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nikold01 09-09-2004 12:04 AM

How do I redirect something to a file without it overwriting the destination file???
 
The title says it all.

I am trying to write a script which takes the input from one file and processes it and then redirects the output to another file

My problem is that when i just use the > command it overwrites the destination file.

How do I fix this problem

Any help would be greatly appreciated

Libu 09-09-2004 12:37 AM

You can user >> instead of >. e.g. ls >> myfile
What this will do is append the new info to "myfile"

dalek 09-09-2004 12:41 AM

Test this theory BEFORE you do it. I was told the other day the putting a > overwrites the file. However putting >> will add to the bottom of the file and leave the rest in tact. I think it is the bottom, it may be the top. I had a birthday recently, so I am getting older. Don't bug me about it. :D

Like I said, test this before you screw up something.

Later

:D :D :D :D

nitin_batta 09-09-2004 12:54 AM

Quote:

You can user >> instead of >. e.g. ls >> myfile
What this will do is append the new info to "myfile"
One note using >> will not create a new file if it is not present.

if you plan to put the output in a new file do
Code:

$touch myfile
$ls >> myfile


Ciccio 09-09-2004 03:14 AM

Quote:

Originally posted by nitin_batta
One note using >> will not create a new file if it is not present.

if you plan to put the output in a new file do
Code:

$touch myfile
$ls >> myfile


I just tried using >> without the touch on my mandrake 10 and it actually creates the file... so... :Pengy: so I see no need of using touch for this. Although It can't hurt.

Again, asDalek says, you should test it before using it.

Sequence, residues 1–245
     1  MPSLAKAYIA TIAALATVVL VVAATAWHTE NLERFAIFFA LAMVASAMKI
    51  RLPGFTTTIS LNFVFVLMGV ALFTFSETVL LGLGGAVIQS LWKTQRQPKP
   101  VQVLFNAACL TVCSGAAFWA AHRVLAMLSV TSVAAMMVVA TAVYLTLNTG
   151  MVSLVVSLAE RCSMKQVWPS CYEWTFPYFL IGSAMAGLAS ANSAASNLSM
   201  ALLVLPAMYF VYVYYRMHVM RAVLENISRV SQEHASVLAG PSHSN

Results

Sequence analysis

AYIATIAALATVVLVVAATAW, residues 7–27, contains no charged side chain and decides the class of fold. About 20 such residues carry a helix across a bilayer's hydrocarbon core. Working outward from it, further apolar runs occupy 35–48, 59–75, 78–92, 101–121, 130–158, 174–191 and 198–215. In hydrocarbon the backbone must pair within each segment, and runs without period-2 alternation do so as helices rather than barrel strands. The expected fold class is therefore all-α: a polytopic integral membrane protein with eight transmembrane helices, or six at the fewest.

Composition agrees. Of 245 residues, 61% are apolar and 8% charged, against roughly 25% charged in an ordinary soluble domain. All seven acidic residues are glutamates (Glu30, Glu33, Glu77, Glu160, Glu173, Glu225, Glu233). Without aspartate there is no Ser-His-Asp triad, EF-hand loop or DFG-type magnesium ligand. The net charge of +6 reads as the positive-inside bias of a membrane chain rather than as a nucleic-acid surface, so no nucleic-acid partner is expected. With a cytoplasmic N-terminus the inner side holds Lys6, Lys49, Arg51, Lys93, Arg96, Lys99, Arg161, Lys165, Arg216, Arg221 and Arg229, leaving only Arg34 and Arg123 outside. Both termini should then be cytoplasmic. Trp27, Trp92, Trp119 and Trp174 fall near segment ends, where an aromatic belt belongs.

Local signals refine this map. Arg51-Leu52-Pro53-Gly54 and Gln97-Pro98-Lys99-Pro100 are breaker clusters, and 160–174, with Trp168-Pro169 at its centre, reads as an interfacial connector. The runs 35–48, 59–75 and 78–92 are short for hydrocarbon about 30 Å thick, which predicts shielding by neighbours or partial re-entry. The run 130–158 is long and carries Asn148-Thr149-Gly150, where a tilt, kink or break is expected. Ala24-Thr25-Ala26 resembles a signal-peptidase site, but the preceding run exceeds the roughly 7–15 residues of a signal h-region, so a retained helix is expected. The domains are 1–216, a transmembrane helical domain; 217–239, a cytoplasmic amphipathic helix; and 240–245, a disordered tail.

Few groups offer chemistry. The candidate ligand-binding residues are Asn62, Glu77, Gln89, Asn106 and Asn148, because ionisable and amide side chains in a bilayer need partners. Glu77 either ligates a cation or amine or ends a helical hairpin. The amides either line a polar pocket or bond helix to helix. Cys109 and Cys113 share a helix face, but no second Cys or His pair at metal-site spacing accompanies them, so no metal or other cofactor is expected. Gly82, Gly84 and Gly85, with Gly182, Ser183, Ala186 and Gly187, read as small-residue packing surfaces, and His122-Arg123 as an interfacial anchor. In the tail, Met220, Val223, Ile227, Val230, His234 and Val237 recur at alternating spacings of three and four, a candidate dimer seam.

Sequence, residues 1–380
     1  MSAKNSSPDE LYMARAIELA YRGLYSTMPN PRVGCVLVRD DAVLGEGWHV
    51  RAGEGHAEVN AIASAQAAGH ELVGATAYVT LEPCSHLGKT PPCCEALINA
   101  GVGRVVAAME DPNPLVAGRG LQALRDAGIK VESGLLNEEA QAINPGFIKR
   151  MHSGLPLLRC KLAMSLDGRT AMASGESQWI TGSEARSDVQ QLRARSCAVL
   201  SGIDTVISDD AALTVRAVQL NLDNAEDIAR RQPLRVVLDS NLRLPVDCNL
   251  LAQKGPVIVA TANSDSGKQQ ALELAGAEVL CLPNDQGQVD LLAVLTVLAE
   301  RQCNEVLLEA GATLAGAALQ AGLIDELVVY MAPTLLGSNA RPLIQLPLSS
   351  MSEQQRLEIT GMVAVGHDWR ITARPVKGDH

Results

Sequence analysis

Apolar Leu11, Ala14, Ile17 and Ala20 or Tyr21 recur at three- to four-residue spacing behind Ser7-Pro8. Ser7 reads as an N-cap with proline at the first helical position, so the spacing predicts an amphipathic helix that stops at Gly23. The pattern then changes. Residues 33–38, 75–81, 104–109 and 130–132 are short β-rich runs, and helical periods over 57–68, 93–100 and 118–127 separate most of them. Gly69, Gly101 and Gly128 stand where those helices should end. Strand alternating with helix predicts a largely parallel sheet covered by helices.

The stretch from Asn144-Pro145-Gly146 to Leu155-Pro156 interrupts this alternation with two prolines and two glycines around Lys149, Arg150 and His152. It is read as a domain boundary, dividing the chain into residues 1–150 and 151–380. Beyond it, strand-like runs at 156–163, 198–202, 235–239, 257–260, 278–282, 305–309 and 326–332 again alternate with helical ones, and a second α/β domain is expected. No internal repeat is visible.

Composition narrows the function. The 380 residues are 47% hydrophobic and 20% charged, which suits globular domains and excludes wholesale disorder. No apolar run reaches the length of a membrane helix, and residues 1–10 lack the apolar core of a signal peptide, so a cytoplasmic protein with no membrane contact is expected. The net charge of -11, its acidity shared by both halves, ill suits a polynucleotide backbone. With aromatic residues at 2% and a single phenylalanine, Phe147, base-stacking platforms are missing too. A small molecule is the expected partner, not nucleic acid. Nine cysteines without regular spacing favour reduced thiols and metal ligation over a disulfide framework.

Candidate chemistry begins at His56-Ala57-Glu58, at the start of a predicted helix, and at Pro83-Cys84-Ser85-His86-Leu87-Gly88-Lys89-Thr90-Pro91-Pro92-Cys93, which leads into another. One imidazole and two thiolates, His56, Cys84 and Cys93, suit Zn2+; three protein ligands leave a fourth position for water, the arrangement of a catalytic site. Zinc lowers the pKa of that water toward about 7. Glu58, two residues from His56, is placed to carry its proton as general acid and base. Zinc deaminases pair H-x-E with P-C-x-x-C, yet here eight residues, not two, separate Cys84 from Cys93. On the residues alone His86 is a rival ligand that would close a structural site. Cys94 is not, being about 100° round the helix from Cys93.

BTW:

Code:

cat <file> <whatever you want to add> > file
You can concatenate (cat) the file with whatever you want to add and the redirect it to the file itself... that should work.
Although I'm a :newbie: and this could not work... I believe it would.

nitin_batta 09-09-2004 06:15 AM

Quote:

I just tried using >> without the touch on my mandrake 10 and it actually creates the file... so... so I see no need of using touch for this. Although It can't hurt.
Every distro of Linux has some custom implementations or something like their signature on it :scratch:

nikold01 09-09-2004 07:00 AM

Hey, thanks everyone for your input, Much appreciated.
:)

stickman 09-09-2004 09:12 AM

Quote:

Originally posted by nitin_batta
One note using >> will not create a new file if it is not present.

if you plan to put the output in a new file do
Code:

$touch myfile
$ls >> myfile


Using >> will create a file if the file does not exist and the user process has appropriate privelages. Appending to an existing file also requires appropriate privelages.

Ciccio 09-09-2004 02:30 PM

we are not talking about different implementations, we are talking about bash built-ins... it's different.


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